What is Special about Language?: A Coevolutionary Perspective

Roger Cook, University of Missouri
Bond Life Sciences Center 171

Abstract: Language is generally considered the faculty that more than any other sets the human off from all other species, including from other primates, with whom we share many cognitive and social traits. To account for this uniquely human capacity, some (most notably Noam Chomsky) posit a specialized biological system that enables humans to acquire and process language in a generative fashion. My analysis adds to the growing chorus of scholars who reject this idea of an inherited biological system dedicated to language or an innate ability such as a “language instinct.”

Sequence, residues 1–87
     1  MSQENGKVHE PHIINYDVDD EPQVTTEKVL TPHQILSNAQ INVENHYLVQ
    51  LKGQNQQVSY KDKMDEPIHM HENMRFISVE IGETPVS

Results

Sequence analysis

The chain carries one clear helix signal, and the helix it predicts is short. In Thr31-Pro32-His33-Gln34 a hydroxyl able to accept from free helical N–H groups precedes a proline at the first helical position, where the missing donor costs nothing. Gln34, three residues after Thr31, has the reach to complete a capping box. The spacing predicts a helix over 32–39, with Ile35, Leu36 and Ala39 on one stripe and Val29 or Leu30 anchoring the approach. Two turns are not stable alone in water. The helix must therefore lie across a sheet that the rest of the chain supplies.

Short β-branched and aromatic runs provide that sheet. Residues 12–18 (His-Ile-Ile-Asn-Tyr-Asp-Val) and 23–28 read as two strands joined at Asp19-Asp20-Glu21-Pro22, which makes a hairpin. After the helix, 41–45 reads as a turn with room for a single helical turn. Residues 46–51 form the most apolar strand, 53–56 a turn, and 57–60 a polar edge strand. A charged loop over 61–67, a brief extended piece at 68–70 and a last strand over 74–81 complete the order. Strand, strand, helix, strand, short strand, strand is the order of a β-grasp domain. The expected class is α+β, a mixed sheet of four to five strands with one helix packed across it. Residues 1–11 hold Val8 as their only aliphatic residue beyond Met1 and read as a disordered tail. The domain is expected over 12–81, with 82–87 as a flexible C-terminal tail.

In this talk I pursue two lines of inquiry. First, I analyze how language fits into to the uniquely human pattern of producing technology that alters the environment we inhabit and coevolves with us as our culture advances. In this section, I consider the role language played in the coevolutionary process involving enhanced speech and auditory organs, the expansion and neural reorganization of the brain, and the development of representational thinking. The second section posits a deep-seated, isomorphic relation between the organizing principle at work in living organisms and the one that informs the continuing evolution of language. I will argue that the medium of language is a prosthetic extension (in the sense proposed by Marshall McLuhan) of the organizing life force into the external world of culture. As such, it is the is the quintessential technological innovation that has propelled human evolution.

Roger Cook
Roger Cook


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